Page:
Friday, August 17, 2012

POW Camp 2226 - where my father was from February 1945 to September 3rd 1945

My father, Axel von Schulmann, was a prisoner in British POW Camp 2226 which was located in Zedelgem near Brugge and Ostend in Belgium.  Given my father's Baltic background, it is of interest to note that the neighbouring camp 2227 in Zedelgem was for Latvians.

 My father arrived there sometime early in 1945 after having captured late in the Ardennes Offensive.   He was in the camp until September 3rd 1945.  He was had the number A 476444 but I have no idea if this was his number from the German military or one assigned to him in the camp.  He arrived in the camp around his 23rd birthday with no knowledge what had happened to his family.   At about the same time his father August von Schulmann was shot and dumped in a mass grave just east of the pre-war German/Polish border.

Camp 2226 seems to have held close to 20,000 German POWs of which 1/4 were officers and a number very senior naval officers.

A letter of reference for my father
Camp 2226 was guarded by the 19th Fuselier Battalion, which was created in February 1945 from Dutch speaking Belgians.  My father spoke about two of guards in the unit that happened to Jewish - Weiss and Gruen if I remember correctly.  One was pleasant and the other was not.

Discharge papers for Axel von Schulmann - due to water damage the details are
very hard to make out
Conditions of the camp became worse after the end of the war, the amount and quality of rations dropped.  My father did well with food because he played cards well.   Since food was really all they had to bet with my father ended up with more than his fair share of rations.   My father also benefited from working on the administration staff of the camp starting on May 1st 1945.  He worked for a Captain but I can not make out the name on the paper, best I can get is S.R. Berge(?).

My father's knowledge of English allowed him to get the work in the documents office of POW Camp 2226..  In general his knowledge of English benefited him several times between 1945 and 1952, when he arrived in Quebec City he had his first job in Canada before he even left the ship.

Why did my father know English?   It comes from his high school in Estonia.   At age 16 he was fluent in German and English and spoke decent Estonian.   Even though his education was in a German school, it was not the same as what was learned in Germany.   He graduated in 1938 from the Pernauer Deutsche Realgymnasium.   Remember, this was a school without any ideological leanings and no mass purging of teachers.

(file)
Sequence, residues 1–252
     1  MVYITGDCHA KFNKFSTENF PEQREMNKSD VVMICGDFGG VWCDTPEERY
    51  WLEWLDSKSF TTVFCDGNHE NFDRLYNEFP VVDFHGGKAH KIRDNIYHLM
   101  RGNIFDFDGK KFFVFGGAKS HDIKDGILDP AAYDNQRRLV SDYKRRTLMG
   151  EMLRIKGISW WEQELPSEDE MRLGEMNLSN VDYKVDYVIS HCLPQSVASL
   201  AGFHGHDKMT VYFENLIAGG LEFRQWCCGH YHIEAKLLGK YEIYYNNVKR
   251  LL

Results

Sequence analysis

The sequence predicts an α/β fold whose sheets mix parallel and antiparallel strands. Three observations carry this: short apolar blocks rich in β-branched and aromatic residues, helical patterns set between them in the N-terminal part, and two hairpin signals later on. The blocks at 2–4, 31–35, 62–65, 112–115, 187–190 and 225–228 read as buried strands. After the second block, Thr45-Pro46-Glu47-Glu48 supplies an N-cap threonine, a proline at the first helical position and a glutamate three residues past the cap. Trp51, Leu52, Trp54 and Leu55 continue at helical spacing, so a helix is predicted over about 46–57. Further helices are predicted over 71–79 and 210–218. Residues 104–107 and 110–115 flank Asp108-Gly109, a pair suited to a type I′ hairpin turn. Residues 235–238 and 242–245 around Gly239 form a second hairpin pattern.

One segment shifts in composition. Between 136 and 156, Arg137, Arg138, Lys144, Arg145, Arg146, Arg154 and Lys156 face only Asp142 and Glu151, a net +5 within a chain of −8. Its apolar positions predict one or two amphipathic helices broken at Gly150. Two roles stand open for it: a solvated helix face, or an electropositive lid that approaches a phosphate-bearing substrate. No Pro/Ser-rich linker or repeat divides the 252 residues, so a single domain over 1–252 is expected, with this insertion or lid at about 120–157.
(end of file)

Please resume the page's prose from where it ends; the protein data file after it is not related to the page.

My father was released relatively early because he was a of a low rank and had a place to go to.   The family had an central address to contact each other at.   I suspect the fact he worked well with the Camp staff helped gain him an early release.  Others remained in British camps for several years.

update on October 5th - pictures of Camp 2227 can be found at this link, thank you to Meredith Schofield


Anonymous said...

HI there,

My Grandfather was in camp 2227 in Zedelgem. I had an opportunity to visit the camp a few years ago. Here is the link to some photos i took.
My grandfather was Estonian, he immigrated to Australia in 1950.

Peace, Meredith

Bernard said...

Thank you very much for sharing the pictures - very interesting.

HanneC said...

Hey, my grandfather was in camp 2227 even so he was German. A weird situation. He also got out on the 3rd of September. The german military didn't have numbers like that, so I think that they got the number from the camp.Do you have any other information about the conditions in the camp

Bernard said...

Interesting that he was released on September 3rd as well, I wonder if a large number of POWs were released on the same day?

My father told me a bit about life in the camp. He said they got less food after Germany surrendered. He seemed to be enjoy working in the office for the British and got on with them well enough. The biggest thing for him was that there was not enough to do. He was getting bored.

He did play a lot of cards and won a lot of extra food

Anonymous said...

if you want to know more about the history of this POW camp, please take contact with the community of zedelgem in Belgium. Ask for MR. POL DENYS who has a magnificent archive on the history of the camp.